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Tips for Maintaining Mental Health in COVID-19 Lockdown

COVID-19 Lockdown

Being forced to hunker down in our homes, limit trips and social distance for an indefinite time has taken a toll on our mental health. Aside from the general worry of physical health, deteriorating mental health in COVID-19 lockdown is fast becoming another rising pandemic. Things have taken a completely new turn so fast that we are still reeling from the impact. Many organizations, including WHO, have put forth coping strategies and guidelines to combat mental health issues during COVID-19 lockdown, and for good reason – various cases of depression have risen since the world locked itself down last year. 

How COVID-19 affect mental health? 

It isn’t surprising to see people drowning in depression, anxiety and fear, as we come across some dreadful news at least once a week. Humans are unaccustomed to socially isolating themselves. Apart from this forced separation from humans, other factors are triggering poor mental health in the COVID-19 lockdown. Some of these include bereavement, loss of income, unemployment, and constant fear of the unknown.

To battle with such overwhelming feelings, many are facing increased inclination towards alcohol, drug abuse, and suffering insomnia. There also has been a notable hike in screen-time that is leading to loss of self-care and an increase in violent behavior. Collectively, as per WHO’s Director-General, the pandemic has interrupted essential mental health services just when they are needed most.

Therefore, to battle the stress of the pandemic, including adverse effects of social distancing – a deeply unnatural practice for humans – we only have shared experiences to trust. Find below some tried-and-tested, proven tactics to keep yourself calm and save your mental health during COVID-19 lockdown. 

Tips for maintaining mental health in COVID-19 lockdown 

Begin with acceptance 

The major reason why most of us are facing mental health issues during the COVID-19 lockdown is that we haven’t accepted the new norm. Start with acceptance; recognizing that your anxiety is completely normal. If school closures and news of deaths make you anxious, know that you are not alone. In fact, how you are feeling is completely normal, according to psychologists.

Feeling anxious makes you alert to threats and stimulates you to take measures to protect yourself. It is through anxiety that you will remember to wash your hands and keep your distance, in turn helping you maintain physical health. Come to think of it, this anxiety is also keeping the entire community safe. Therefore, feeling anxious in this environment is nothing abnormal. If it starts to take a toll on your daily routine, proceed to tip #2. 

Find a routine 

Granted, we had had our normal routines ruthlessly attacked since the start of the pandemic. But until the situation changes, you have to alter your routine, streamlined with the new norm. You know that many schools are closed, and work-from-home is here to stay. Develop a routine around that framework to build resilience. According to a professor of psychology at Adelphi University, to build resilience during traumatic events, you have to have a routine. This should consist of eating meals at regular times, washing, sleeping, exercising, reading, and maintaining (socially distant) contact. 

Having all the time to yourself without any focus on what to do first can create boredom, trigger depression, and lead to unhealthy patterns of coping. Therefore, to maintain proper mental health during COVID-19 lockdown, it is essential to keep yourself distracted with a structured routine.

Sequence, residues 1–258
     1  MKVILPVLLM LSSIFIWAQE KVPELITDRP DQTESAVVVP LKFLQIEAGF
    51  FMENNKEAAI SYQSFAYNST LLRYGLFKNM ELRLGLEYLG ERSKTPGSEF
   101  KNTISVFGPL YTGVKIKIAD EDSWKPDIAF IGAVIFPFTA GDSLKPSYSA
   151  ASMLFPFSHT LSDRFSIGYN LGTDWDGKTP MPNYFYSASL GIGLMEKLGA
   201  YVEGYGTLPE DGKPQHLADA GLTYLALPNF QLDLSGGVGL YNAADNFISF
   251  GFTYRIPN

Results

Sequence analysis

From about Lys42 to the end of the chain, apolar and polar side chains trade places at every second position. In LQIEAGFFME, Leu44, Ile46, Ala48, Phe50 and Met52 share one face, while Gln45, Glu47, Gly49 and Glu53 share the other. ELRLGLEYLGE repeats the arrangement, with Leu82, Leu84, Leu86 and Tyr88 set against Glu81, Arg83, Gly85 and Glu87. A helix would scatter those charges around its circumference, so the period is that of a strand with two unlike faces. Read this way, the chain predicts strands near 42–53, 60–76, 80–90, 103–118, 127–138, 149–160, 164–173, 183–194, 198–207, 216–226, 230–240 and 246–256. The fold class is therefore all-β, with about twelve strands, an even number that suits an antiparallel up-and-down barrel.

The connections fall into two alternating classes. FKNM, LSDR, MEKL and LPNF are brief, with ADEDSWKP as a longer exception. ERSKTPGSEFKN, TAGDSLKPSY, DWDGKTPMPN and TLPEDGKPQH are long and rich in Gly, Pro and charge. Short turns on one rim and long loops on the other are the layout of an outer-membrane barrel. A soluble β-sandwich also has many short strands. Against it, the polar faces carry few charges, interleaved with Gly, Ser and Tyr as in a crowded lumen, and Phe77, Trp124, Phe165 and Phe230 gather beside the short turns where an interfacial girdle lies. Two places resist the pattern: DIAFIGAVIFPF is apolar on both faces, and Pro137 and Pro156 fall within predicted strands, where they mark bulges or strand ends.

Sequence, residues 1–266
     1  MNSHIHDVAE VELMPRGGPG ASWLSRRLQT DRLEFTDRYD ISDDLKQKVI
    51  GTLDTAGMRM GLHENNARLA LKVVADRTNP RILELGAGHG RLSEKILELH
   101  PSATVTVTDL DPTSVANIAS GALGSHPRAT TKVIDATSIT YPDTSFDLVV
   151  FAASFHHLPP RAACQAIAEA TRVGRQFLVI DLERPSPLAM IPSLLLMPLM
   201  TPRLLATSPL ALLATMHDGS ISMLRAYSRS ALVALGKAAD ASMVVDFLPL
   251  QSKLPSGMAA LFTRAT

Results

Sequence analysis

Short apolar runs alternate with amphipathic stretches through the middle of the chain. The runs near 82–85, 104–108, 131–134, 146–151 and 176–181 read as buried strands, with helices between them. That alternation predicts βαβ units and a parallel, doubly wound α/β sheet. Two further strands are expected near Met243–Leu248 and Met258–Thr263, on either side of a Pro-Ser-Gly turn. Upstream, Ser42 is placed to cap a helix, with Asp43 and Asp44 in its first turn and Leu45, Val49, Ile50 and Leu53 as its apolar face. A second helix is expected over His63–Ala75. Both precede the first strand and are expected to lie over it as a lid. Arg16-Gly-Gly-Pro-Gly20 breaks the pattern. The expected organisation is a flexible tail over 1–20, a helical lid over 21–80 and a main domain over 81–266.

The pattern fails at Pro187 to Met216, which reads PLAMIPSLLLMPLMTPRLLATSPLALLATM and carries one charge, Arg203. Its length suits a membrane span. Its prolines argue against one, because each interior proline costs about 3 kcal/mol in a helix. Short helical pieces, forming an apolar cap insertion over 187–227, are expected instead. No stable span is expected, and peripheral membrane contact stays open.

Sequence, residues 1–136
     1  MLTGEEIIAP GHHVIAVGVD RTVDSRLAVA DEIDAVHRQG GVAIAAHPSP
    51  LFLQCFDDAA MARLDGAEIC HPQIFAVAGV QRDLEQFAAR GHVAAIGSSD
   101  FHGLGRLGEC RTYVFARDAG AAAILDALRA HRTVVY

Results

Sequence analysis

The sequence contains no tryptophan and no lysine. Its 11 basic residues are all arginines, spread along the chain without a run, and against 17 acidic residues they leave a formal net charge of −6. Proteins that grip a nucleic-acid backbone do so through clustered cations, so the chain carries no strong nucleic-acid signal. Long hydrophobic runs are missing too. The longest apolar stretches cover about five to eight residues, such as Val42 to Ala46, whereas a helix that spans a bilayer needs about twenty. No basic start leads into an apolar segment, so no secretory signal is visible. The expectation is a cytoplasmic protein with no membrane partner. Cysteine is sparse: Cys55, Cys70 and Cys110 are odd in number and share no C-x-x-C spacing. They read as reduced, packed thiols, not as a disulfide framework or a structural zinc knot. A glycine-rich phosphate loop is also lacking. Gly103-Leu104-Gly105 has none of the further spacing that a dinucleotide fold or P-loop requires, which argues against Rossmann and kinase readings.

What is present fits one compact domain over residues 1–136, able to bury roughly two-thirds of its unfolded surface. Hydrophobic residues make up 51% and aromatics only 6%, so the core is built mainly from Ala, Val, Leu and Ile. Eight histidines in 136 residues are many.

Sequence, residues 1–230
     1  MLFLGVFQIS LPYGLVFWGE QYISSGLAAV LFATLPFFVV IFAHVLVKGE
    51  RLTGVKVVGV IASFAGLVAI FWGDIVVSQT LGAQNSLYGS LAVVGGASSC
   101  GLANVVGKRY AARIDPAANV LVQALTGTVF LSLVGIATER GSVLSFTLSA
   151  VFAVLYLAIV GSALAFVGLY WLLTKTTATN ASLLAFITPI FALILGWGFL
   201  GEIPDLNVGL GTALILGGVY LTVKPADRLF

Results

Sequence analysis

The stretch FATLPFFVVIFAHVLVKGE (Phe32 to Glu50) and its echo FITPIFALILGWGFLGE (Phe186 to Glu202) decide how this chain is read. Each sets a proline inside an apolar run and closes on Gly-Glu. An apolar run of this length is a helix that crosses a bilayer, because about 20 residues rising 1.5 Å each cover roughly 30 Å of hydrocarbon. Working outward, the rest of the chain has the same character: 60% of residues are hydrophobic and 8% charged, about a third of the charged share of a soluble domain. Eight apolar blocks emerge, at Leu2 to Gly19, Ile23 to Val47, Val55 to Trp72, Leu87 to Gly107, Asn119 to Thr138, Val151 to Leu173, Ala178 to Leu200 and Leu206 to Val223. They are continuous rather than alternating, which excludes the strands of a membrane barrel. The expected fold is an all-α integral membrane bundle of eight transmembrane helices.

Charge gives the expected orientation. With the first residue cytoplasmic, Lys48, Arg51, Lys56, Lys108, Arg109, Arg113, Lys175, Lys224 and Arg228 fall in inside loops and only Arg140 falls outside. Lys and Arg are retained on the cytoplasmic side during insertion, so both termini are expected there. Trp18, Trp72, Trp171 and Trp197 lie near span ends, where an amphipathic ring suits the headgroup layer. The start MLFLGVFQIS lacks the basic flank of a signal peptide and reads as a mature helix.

Stay connected with the right people 

As noted earlier, humans are fundamentally social creatures. Social connectivity is the greatest determinant of well-being and one of the most basic psychological needs. Unfortunately, our  connectivity has been greatly altered by COVID-19, but that doesn’t mean you have to completely disconnect. Tend to your urge of wanting to feel gathered during this crisis by video-conferencing, talking on the phone, or meeting at a safe distance. Social media connectivity is fine but add in the touch of face-to-face talking to feel much better.

Any friend, family or associate who is stirring up negativity in your life is better left out. Be mindful about keeping positivity in your life.  

Go for forest-bathing 

As opposed to sun-bathing, which also makes you feel better, forest-bathing is many times better than a day at the beach. There is plenty of research that finds that connecting with nature is massively beneficial for both your physical and mental health. It has proven to reduce the risk of anxiety and depression to a large extent.

Another meta-analysis found that people who spend time forest-bathing enormously reduce their risk to multiple physical health conditions as well. These included coronary heart disease, lower blood pressure, lower cholesterol, and risk of type 2 diabetes. Plus, levels of cortisol, lower heart rate, and all-cause mortality. Tough to believe? You can run lab tests at YourHealthLab to see it for yourself.

Scientists have found that all of this is enabled due to a strengthened immune system. Chemicals known as phytoncides from the trees trigger the faster activity of immune cells, known as natural killer cells. 

Do yourself and others a service 

Nothing makes humans happier than being of service to others. The most important tip for maintaining your mental health during COVID-19 lockdown is being kind to yourself and others. Stop beating yourself up when things go awry. It’s natural for people you live with to become annoyed. Don’t take it too hard. Be kind, stick to your schedule, focus on the happier things, and find ways to be productive. As they say, ‘this too shall pass’. 

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